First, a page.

1. Ten or more years have passed from the final disposition of all criminal proceedings against you or you have been released from supervision concerning a criminal conviction, whichever is later;

AND

2. You have not been charged or convicted for a criminal offense in the ten or more years since the date of the final disposition of all criminal proceedings or the date of your release from supervision, whichever is later.

OR

Pursuant to 24-72-308.6, C.R.S., any person in interest may petition the District Court in the county in which the criminal conviction records are filed, this section applies to convictions entered on or after July 1, 2011.

You may only petition the Court to seal criminal conviction records if the offense qualifies pursuant to statute and you meet the requirements below:

1. You have not been charged or convicted for a criminal offense since the date of the final disposition of all criminal proceedings or the date of your release from supervision, whichever is later; and

2. Petty offense or Class 2 or 3 Misdemeanor — Three or more years have passed from the final disposition of all criminal proceedings against you or you have been released from supervision concerning a criminal conviction, whichever is later; or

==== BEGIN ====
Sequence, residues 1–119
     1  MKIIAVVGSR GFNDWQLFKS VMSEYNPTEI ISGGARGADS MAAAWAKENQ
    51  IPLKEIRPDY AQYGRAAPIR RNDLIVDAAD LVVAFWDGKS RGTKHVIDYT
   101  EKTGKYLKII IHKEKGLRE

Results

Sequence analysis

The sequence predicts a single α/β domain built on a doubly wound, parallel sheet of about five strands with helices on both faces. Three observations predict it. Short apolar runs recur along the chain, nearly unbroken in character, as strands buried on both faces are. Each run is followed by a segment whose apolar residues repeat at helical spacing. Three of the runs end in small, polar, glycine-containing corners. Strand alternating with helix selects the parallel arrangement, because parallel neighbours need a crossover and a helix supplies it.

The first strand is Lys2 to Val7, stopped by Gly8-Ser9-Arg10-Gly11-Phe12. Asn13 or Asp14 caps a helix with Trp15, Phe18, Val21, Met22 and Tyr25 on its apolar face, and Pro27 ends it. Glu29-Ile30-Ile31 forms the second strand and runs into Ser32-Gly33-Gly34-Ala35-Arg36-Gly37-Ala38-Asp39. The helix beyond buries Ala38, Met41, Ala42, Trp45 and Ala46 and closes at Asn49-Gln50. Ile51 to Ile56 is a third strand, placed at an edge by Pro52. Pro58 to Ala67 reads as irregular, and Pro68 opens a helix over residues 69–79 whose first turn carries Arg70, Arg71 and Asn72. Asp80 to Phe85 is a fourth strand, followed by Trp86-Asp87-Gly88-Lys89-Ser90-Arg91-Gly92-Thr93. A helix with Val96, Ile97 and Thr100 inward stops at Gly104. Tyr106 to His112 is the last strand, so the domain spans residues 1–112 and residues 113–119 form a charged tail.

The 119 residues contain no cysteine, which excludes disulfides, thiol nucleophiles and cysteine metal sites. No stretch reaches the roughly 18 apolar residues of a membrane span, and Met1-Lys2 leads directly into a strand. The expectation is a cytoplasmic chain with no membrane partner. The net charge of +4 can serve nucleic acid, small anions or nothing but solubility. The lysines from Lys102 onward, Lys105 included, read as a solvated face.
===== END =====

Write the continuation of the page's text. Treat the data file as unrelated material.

3. Class 1 Misdemeanor — Five or more years have passed from the final disposition of all criminal proceedings against you or you have been released from supervision concerning a criminal conviction, whichever is later; or

4. Class 5 or 6 Felony — Seven or more years have passed from the final disposition of all criminal proceedings against you or you have been released from supervision concerning a criminal conviction, whichever is later; or

5. All other offenses in article 18 of title 18 — Ten or more years have passed from the final disposition of all criminal proceedings against you or you have been released from supervision concerning a criminal conviction, whichever is later.